Look at the psychopomp - the guider of souls. Stop ten people at the grocery store and you'll be lucky of any of them know what a psychopomp is. But get trained as one anyway - dedicate your life to learning the rituals, developing the connection, the practice, and the protections necessary to guide the souls of the dead. Once you have the knowledge, you will still find few if any people in the modern world who will come to you for your services - just as the village blacksmith is no longer necessary in the average city - even most farming communities are corporate and industrialized. The world is changing, ways of belief are changing. Evolution goes on...

M

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#48 White Bear

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Posted 29 February 2012 - 04:45 PM

I really want to like this book but the bad editing has really put me off. I pick it up and put it down again. Desperately want Leechcraft and A Cornish book of ways. I have just downloaded Aradia and The Golden Bough for free to my Kindle.

Yeah, the de Vries book is poorly edited. Still, it has its good points. Leechcraft is definitely worth getting your hands on, and didn't actually cost that much when I got it through Amazon. I was just reading from it the other day. :)

Not all books are equal, of course, but you can often glean useful and interesting information in unexpected places.


#49 Grymdycche

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Posted 29 February 2012 - 05:00 PM

..
Wyrdworking, by Alaric Albertsson.


I just ordered this one a few days ago.

http://runeforum.phrets.com
9 out of 10 string theory physicists agree: 'Nothing Rests; Everything Moves; Everything Vibrates'' -the Kybalion.

#50 Jevne

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Posted 29 February 2012 - 05:29 PM

I had a look at Cornish ways on Amazon UK and was a bit put off by the negative review who describes the book as "Modern pagan witchcraft with a bit of folklore thrown in for local colour." Yet it seems to be fawned over by the readership of this Forum. I wonder then just what processes are involved in discerning what belongs on a Shit book collection list and what doesn't. :confused:


I agree with Michele that what constitutes a good or a shit book is mostly a matter of personal opinion. I think the old adage, if you don't have something nice to say, don't say anything at all applies here. Of the lists given by our peers, I would say I have read a little over half of the titles. Of those, I would not personally line the bottom of a dog kennel with a good number, BUT one does not generally make that point. First, it provokes an immediate defensive response, even from folks who didn't give a shit before, and it can lead to attacks on the author or those who like the author. This is why I prefer reviews, instead of straight lists.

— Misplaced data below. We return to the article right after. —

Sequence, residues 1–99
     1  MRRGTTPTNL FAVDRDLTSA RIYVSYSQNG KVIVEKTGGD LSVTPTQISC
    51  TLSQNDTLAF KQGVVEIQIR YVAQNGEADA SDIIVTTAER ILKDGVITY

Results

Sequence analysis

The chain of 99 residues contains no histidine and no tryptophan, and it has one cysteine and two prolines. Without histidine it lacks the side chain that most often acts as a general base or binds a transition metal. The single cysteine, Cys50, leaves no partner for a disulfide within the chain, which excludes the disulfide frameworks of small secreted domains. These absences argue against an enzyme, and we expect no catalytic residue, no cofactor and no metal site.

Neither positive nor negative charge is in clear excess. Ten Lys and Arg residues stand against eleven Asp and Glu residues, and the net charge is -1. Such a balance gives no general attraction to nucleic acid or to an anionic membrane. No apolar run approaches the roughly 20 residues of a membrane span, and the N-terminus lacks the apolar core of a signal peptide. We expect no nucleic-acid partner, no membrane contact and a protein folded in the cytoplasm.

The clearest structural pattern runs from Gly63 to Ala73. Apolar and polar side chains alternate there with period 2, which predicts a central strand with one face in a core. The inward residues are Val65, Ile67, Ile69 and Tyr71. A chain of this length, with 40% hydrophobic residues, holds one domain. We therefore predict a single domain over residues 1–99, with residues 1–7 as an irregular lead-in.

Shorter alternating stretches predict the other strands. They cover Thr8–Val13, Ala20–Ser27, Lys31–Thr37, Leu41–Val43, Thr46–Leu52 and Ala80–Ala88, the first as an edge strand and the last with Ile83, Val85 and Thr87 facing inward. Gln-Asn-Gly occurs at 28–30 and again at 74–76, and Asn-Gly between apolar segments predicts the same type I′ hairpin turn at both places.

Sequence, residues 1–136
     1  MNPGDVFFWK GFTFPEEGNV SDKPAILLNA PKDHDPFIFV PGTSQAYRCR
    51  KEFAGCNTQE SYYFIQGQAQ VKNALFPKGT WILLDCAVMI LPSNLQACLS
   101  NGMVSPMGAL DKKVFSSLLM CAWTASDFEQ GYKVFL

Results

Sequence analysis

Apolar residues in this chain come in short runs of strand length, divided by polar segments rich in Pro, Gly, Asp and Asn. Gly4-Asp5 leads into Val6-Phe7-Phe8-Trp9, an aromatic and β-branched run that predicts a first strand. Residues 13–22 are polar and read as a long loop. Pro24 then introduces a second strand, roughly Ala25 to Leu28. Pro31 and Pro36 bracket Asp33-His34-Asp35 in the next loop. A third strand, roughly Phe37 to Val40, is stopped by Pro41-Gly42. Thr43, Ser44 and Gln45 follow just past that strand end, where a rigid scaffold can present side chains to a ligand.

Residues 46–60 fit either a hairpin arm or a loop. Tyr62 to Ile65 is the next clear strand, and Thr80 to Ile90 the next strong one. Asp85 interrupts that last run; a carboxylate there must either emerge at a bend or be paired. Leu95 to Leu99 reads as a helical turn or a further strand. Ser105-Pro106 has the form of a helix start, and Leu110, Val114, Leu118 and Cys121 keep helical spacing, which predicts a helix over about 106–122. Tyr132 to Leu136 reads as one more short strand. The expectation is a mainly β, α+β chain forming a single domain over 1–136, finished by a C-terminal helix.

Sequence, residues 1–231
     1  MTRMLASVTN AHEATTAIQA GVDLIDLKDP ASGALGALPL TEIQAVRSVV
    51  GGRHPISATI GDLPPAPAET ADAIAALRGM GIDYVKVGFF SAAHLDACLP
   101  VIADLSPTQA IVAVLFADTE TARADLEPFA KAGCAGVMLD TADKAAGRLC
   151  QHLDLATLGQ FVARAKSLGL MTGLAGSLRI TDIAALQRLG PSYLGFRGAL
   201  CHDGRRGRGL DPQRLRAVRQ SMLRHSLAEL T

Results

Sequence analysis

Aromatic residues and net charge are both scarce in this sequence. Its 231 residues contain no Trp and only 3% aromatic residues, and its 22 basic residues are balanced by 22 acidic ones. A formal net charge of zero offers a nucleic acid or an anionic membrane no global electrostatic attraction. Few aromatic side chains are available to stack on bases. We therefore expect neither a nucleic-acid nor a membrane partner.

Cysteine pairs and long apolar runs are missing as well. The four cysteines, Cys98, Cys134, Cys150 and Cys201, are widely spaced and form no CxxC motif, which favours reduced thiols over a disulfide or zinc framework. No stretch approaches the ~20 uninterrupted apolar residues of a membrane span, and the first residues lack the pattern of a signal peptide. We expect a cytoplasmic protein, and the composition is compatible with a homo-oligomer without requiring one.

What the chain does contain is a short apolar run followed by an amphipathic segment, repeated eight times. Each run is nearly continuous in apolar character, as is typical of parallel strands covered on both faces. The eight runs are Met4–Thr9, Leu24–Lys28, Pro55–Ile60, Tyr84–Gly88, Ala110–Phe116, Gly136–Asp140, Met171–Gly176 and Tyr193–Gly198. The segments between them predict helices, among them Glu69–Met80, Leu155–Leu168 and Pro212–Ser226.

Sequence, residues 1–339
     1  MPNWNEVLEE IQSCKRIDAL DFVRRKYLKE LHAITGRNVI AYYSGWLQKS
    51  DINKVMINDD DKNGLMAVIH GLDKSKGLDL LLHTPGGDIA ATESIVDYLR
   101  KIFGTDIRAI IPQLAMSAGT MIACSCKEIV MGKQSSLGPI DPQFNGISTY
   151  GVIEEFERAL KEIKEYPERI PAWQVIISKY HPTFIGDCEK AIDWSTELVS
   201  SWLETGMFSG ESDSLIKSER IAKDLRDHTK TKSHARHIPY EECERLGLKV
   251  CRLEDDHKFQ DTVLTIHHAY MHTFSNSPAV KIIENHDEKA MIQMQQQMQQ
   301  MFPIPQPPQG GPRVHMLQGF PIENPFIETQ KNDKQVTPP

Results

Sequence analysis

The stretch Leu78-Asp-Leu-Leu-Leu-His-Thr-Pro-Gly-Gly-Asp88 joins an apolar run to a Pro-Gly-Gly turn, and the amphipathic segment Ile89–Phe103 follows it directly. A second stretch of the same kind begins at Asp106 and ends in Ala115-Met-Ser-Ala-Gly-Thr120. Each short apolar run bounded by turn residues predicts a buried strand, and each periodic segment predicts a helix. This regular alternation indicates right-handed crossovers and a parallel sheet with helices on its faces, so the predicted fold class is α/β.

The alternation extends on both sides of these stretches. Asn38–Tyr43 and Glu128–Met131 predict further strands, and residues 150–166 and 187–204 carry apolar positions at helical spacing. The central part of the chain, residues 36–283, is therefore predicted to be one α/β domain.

#51 sarasuperid

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Posted 29 February 2012 - 05:58 PM

I would just have to disagree with the reviewer of Cornish book of ways. It is an excellent book. But I don't know if we "fawn over it", but really so what if we did, if a book is excellent and we like it great. For many of the witches here, folk ways and folk magic is a huge part of traditional witchcraft. But a Gemma Gary's book also has a lot more than that, including a lot about land guardianship.

You probably won't find a book that gives the most inner workings of a practice away, most lineaged traditional witches are oathbound.

However, your criticism does bring up a good point. Since traditional witchcraft has some varied meanings to different members, the types of books we like will vary likewise. Its pretty easy to read a number of posts by regulars and get an idea of whose advice you would want to take for books.

"A Craft, a calling, a set of Keys to unlock a particular cosmology that is borne, and born, in the blood of the practitioner, and sets the Work to be done with which one may commune with those who hold the patterns and keys of the life of the practitioner and hir stream. The Work is to be done, and we are to do it." --Aiseling the Bard